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Presentation on theme: "Case 2 STEPHANIE M. GO."— Presentation transcript:


2 Chief Complaint: epigastric pain
(+) vague abdominal pain (-) change in BM Persistence History of present illness 5 hrs PTC consult Physical Examination VS BP 120/90 HR 88 RR 24 T 38.2°C Symmetrical chest expansion, hyperresonant on percussion left, absent breath sounds left Apex beat parasternal 5th LICS Flat abdomen, NABS, (-) mass (-) tenderness

3 Patient’s Radiographs
Scout film of the abdomen Chest X-Ray On interpretation, plain film of the chest was requested by the radiologist

4 Scout film of the Abdomen

5 Information from a plain scout film:
Presence of calcifications Abnormal gas collection Abnormal size of the liver and spleen Ascites Abnormal gas pattern Abscesses Foreign bodies

6 Normal Scout Film of the Abdomen

7 What to examine? Gas pattern Extraluminal air Soft tissue masses

8 Normal Gas Pattern

9 Large vs Small Bowel Large bowel Peripheral
Haustral pattern does not fully traverse the colon Small bowel Central Valvulae conniventes

10 SFA correlation normal patient

11 CXR correlation normal patient

12 PNEUMOTHORAX Anatomy Presence of air in the pleural space
Visceral pleura is adherent to lung surface There is no air in the pleural space normally The introduction of air into the pleural space separates the visceral from the parietal pleura

13 PNEUMOTHORAX Pathophysiology Clinical findings
Either from disruption of visceral pleura trauma to parietal pleura Clinical findings Acute onset of: Pleuritic chest pain Dyspnea (in 80-90%) Cough Back or shoulder pain

14 PNEUMOTHORAX Etiologies: Penetrating trauma Blunt trauma Iatrogenic
Spontaneous pneumothorax Other causes of a pneumothorax Neonatal disease Malignancy Pulmonary infections Complication of pulmonary fibrosis Asthma or emphysema “Catamenial pneumothorax” Marfan’s syndrome Ehlers-Danlos syndrome Pulmonary infarction Lymphangiomyomatosis and tuberous sclerosis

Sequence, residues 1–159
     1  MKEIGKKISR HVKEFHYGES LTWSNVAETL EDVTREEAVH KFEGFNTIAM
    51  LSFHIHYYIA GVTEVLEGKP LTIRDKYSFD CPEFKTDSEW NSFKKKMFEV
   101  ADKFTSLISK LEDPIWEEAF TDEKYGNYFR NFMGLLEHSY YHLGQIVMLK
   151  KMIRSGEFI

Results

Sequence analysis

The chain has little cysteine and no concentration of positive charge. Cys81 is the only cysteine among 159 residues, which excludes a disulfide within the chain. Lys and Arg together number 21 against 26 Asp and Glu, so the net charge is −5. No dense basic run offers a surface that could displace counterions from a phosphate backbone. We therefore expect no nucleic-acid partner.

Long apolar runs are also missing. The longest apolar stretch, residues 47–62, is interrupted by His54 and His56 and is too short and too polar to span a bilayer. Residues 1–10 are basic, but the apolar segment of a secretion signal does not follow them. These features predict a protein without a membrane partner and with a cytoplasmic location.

15 PNEUMOTHORAX TYPES: Closed pneumothorax = intact thoracic cage
Open pneumothorax = "sucking" chest wound Tension pneumothorax Accumulation of air within pleural space due to free ingress and limited egress of air Pathophysiology: Intrapleural pressure exceeds atmospheric pressure in lung during expiration (check-valve mechanism) Frequency In 3-5% of patients with spontaneous pneumothorax Higher in barotrauma (mechanical ventilation) Simple pneumothorax –no shift of the heart or mediastinal structures

16 Imaging findings in PNEUMOTHORAX
visceral pleural white line Very thin white line that differs from a skin fold by its thickness Absence of lung markings distal or peripheral to the visceral pleural white line Displacement of mediastinum and/or anterior junction line Deep sulcus sign On frontal view, larger lateral costodiaphragmatic  recess than on opposite side Diaphragm may be inverted on side with deep sulcus Supine position


18 CXR correlation normal patient

19 PNEUMOTHORAX Pitfalls in diagnosis:
Skin fold Thicker than the thin visceral pleural white line Air trapped between chest wall and arm Will be seen as a lucency rather than a visceral pleural white line Edge of scapula Follow contour of scapula to make sure it does not project over chest Overlying sheets Usually will extend beyond the confines of the lung Hair braids


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